Sure, Angus is a robot. But don’t hold that against him, even if he looks more like a large tanning bed than C-3PO.

To Alexander, Angus and other robots are key to a new wave of local agriculture that aims to raise lettuce, basil and other produce in metropolitan areas while conserving water and sidestepping the high costs of human labor. It’s a big challenge, and some earlier efforts have flopped. Even Google’s “moonshot” laboratory, known as X, couldn’t figure out how to make the economics work.

After raising $6 million and tinkering with autonomous robots for two years, Alexander’s startup Iron Ox says it’s ready to start delivering crops of its robotically grown vegetables to people’s salad bowls. “And they are going to be the best salads you ever tasted,” says the 33-year-old Alexander, a one-time Oklahoma farmboy turned Google engineer turned startup CEO.

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The temperatures of some two dozen plant varietals are monitored at Iron Ox, a robotic indoor farm, in San Carlos, California. VOA

Iron Ox planted its first robot farm in an 8,000-square-foot warehouse in San Carlos, California, a suburb located 25 miles south of San Francisco. Although no deals have been struck yet, Alexander says Iron Ox has been talking to San Francisco Bay area restaurants interested in buying its leafy vegetables and expects to begin selling to supermarkets next year.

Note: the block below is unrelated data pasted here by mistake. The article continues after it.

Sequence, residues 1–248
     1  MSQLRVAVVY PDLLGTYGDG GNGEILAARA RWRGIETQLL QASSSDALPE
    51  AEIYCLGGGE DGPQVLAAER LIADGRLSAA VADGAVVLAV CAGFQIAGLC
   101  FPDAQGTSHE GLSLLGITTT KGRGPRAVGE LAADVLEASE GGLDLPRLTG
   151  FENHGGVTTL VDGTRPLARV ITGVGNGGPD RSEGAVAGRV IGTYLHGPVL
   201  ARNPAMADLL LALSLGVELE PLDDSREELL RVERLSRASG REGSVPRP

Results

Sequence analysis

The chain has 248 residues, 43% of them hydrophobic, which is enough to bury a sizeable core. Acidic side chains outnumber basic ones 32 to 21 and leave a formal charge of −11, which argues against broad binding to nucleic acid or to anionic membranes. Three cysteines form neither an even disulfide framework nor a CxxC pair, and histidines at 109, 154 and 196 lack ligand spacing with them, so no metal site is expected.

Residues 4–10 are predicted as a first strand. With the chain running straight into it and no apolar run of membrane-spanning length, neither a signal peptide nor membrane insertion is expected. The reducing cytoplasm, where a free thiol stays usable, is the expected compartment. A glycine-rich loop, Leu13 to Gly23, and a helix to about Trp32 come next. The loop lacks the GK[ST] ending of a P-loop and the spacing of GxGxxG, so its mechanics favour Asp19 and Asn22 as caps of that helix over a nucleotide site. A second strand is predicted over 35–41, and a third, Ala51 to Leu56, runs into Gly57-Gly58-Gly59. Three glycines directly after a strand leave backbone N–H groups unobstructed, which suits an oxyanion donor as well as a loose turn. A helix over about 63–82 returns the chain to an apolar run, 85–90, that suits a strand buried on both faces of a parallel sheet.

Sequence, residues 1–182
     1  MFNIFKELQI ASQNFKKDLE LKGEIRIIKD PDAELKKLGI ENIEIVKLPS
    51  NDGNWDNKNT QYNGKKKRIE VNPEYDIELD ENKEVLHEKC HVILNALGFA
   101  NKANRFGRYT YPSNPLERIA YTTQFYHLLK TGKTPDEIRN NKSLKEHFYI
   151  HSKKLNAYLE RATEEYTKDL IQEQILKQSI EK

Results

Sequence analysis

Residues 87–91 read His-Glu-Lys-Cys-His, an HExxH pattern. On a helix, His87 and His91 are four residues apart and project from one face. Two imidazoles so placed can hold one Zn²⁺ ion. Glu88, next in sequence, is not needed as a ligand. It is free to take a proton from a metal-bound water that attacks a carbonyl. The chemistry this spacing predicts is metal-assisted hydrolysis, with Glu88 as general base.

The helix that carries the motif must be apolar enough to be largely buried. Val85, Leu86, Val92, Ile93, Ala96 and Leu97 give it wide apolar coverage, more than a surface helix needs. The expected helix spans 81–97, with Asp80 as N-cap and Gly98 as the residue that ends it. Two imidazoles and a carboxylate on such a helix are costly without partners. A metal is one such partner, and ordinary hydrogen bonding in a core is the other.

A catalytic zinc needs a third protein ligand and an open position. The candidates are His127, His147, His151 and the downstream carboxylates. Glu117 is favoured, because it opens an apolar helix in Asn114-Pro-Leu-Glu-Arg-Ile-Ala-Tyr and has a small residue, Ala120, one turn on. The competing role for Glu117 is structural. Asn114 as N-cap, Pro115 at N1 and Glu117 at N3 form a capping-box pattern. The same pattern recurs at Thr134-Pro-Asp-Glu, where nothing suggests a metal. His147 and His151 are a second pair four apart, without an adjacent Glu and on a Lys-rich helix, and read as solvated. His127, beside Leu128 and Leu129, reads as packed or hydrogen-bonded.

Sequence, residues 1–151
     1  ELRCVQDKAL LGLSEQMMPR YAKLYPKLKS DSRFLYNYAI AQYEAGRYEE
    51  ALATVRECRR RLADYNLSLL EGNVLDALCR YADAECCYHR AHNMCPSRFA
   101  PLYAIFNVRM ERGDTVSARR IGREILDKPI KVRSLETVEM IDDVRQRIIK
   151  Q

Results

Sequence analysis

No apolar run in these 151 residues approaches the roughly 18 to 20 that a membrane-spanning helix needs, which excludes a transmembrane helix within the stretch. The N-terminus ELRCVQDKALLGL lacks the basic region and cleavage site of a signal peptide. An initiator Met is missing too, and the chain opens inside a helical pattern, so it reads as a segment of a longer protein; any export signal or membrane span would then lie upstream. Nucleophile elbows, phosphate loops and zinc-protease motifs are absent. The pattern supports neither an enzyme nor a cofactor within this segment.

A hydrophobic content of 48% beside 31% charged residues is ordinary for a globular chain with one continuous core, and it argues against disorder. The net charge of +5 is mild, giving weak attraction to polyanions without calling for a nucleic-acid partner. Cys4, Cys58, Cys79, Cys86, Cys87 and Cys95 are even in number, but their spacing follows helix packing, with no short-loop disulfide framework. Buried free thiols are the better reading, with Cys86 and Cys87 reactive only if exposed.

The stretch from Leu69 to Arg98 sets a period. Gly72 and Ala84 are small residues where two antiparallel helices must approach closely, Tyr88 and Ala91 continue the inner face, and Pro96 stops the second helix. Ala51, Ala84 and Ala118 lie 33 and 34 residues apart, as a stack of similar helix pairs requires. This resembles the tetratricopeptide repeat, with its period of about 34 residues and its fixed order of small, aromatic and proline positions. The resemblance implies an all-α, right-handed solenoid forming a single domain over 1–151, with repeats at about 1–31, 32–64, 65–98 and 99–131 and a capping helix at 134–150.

The San Carlos warehouse is only a proving ground for Iron Ox’s long-term goals. It plans to set up robot farms in greenhouses that will rely mostly on natural sunlight instead of high-powered indoor lighting that sucks up expensive electricity. Initially, though, the company will sell its produce at a loss in order to remain competitive.

During the next few years, Iron Ox wants to open robot farms near metropolitan areas across the U.S. to serve up fresher produce to restaurants and supermarkets. Most of the vegetables and fruit consumed in the U.S. is grown in California, Arizona, Mexico and other nations. That means many people in U.S. cities are eating lettuce that’s nearly a week old by the time it’s delivered.